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The question arose to me earlier, and I never really understood it..

What is the difference between fourier transform and laplace transform in terms of analyzing an overall circuit? I don't quite understand.

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  • \$\begingroup\$ I don't trust my mathematical foundations to give a full answer but in brief: for practical purposes there is little difference, aside from the the Laplace transform being applicable to a wider range of input signals. In theory, they also have different Regions of Convergence and there are some subtle details regarding differing on the imaginary axis, or some point like that, but I'm not very familiar with these. \$\endgroup\$
    – jramsay42
    Dec 3 '18 at 2:49
  • \$\begingroup\$ Fourier is all time, Laplace is T> zero? \$\endgroup\$ Dec 3 '18 at 3:15
  • \$\begingroup\$ There are books and WIki pages to define the similarities and differences in mathematical characteristics and structure and both have conversions between time and frequency, but for practical use, Laplace transforms are more often to make it easier to solve analog circuits and filter equations to look like Bode Plots of gain and phase while Fourier transforms make it easier to solve problems on signals from time to spectral domain then add a design then you can convert back to time domain if you like. \$\endgroup\$ Dec 3 '18 at 3:50
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    \$\begingroup\$ Don't quote me on this, but I'm pretty sure the Fourier transform is just the Laplace transform evaluated along the imaginary axis. \$\endgroup\$
    – Hearth
    Dec 3 '18 at 4:05
  • \$\begingroup\$ This is a short summary. Though it is directed at a specific question, it covers a broad range. \$\endgroup\$
    – jonk
    Dec 3 '18 at 5:09
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The differences can be found in the definition. A Fourier transform:

$$\mathcal{F}\{f(t)\} = F(j\omega) = \int_{-\infty}^{+\infty} e^{-j\omega t}f(t)dt$$

While an ordinary Laplace transform is given by:

$$\mathcal{L}\{f(t)\} = F(s) = \int_{0}^{+\infty} e^{-st}f(t)dt$$

There are two differences:

  1. \$j\omega t\$ is replaced by \$st\$. \$s\$ can be anywhere on the complex plain. In this sense, the Fourier transform can in some sense be thought of as a subset of the Laplace transform.
  2. The lower limit is different. This complicates things a little bit.

The two transformations become exactly equal if

$$\mathcal{F}\{f(t)\} \stackrel{!}{=} \left.\mathcal{L}\{f(t)\}\right|_{s=j\omega} \Leftrightarrow f(t < 0) = 0$$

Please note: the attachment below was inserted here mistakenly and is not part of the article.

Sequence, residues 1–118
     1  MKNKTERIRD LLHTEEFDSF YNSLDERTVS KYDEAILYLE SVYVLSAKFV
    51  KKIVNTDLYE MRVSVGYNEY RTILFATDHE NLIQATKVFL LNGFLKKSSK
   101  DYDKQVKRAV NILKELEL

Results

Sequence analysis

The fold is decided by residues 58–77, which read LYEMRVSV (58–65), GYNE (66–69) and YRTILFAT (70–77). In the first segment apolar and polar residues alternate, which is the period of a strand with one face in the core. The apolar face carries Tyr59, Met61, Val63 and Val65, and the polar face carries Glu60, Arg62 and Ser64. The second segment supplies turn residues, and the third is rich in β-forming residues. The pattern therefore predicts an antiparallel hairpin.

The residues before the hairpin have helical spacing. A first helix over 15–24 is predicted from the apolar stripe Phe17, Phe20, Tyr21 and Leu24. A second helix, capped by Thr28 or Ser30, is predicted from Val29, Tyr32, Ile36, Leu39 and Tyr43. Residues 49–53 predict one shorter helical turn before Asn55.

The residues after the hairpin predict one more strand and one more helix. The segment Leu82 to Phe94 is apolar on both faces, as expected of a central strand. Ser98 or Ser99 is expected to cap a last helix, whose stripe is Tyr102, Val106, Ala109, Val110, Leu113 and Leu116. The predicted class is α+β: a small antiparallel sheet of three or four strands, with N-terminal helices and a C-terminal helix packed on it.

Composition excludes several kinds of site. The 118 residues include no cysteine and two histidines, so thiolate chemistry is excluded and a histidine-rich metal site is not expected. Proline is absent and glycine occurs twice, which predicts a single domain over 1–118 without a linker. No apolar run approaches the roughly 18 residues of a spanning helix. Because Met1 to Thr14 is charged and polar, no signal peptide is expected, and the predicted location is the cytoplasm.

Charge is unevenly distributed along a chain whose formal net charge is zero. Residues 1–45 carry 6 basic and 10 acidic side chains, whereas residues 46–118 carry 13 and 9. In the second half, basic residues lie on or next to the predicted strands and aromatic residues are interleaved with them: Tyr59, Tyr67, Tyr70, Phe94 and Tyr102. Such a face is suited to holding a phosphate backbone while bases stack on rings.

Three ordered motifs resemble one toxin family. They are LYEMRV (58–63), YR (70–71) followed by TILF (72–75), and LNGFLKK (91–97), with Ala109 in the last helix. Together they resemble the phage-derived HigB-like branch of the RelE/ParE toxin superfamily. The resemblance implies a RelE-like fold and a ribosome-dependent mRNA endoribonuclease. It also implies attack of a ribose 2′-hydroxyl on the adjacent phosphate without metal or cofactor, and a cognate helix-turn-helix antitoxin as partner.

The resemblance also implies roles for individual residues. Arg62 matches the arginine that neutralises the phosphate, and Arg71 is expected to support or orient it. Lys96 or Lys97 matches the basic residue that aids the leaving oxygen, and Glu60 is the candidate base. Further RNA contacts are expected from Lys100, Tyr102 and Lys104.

Or in words: If \$f(t) = 0\$ for \$t < 0\$, then the Fourier transform is exactly the Laplace transform by following the imaginary axis, or \$s = j\omega\$.

Both have very similar properties. In particular, for a Linear and Time-Invariant (LTI) system with impulse reponse \$g(t)\$ (ie. not nonlinear and it doesn't matter when you start your input signal, the output will remain the same) you have the property that

$$y(t) = \int_{-\infty}^{+\infty} u(t)g(t-\tau)d\tau = u(t)*g(t)$$

$$\begin{align} Y(j\omega) &= U(j\omega)\cdot G(j\omega)\\ Y(s) &= U(s)\cdot G(s) \end{align}$$

This property works for any input \$u(t)\$, including the ones where \$u(t<0) = 0\$ in the Fourier transform. If the system \$g\$ is now also causal (ie. the system can't look into the future, which is always the case for analog electronics), then you can guarantee that \$y(t<0) = 0\$, and you can immediately state that \$G(j\omega) = \left.G(s)\right|_{s=j\omega}\$.

So when you calculate the Laplace transform of the impulse response of an LTI causal system, you can also immediately find the Fourier transform by replacing \$s\$ by \$j\omega\$.


Example

This can become an issue in the following example. Let's say we have the following transfer function (a regular RC low-pass filter):

$$G(s) = \frac{1}{1 + RC\cdot s}$$

If we wish to know the transient behavior when a sine wave starts at \$t=0\$, we would have to use the Laplace transform.

$$U(s) = \mathcal{L}\{\cos(\omega_0t)\} = \frac{s}{s^2 + \omega_0^2}$$

$$\begin{align} Y(s) &= \frac{s}{s^2 + \omega_0^2}\cdot\frac{1}{1 + RC\cdot s}\\ &= \frac{1}{1 + (\omega_0RC)^2}\left(\frac{s + RC\omega_0^2}{s^2 + \omega_0^2} - \frac{RC}{1 + RC\cdot s}\right)\\ y(t) &= \frac{1}{1 + (\omega_0RC)^2}\left[\cos(\omega_0t) + \omega_0RC\sin(\omega_0t) - e^{-\frac{t}{RC}}\right] \end{align}$$

However, if we wish to know the steady-state solution, assuming the input has always been a sine wave, then we need to use the Fourier transform. The Laplace transform will fall short now, because \$u(t < 0) \neq 0\$. We can however still reuse the transfer function \$G(j\omega) = \left.G(s)\right|_{s=j\omega}\$.

$$u(t) = \cos(\omega_0t) \Rightarrow U(j\omega)=\frac{1}{2}\left(\delta(\omega+\omega_0) + \delta(\omega-\omega_0)\right)$$

This is a bit annoying to use, so we will instead use phasors:

$$\begin{align} \underline{Y} &= \underline{U}\cdot G(j\omega_0)\\ &= 1\cdot\frac{1}{1 + RC\cdot j\omega_0}\\ &= \frac{1 - j\omega_0RC}{1 + (\omega_0RC)^2}\\ y(t) &= \mathcal{Re}\left\{\left|\underline{Y}\right|e^{j\omega_0t+\angle{\underline{Y}}}\right\}\\ &= \frac{1}{1 + (\omega_0RC)^2}\left[\cos(\omega_0t) + \omega_0RC\sin(\omega_0t)\right] \end{align}$$

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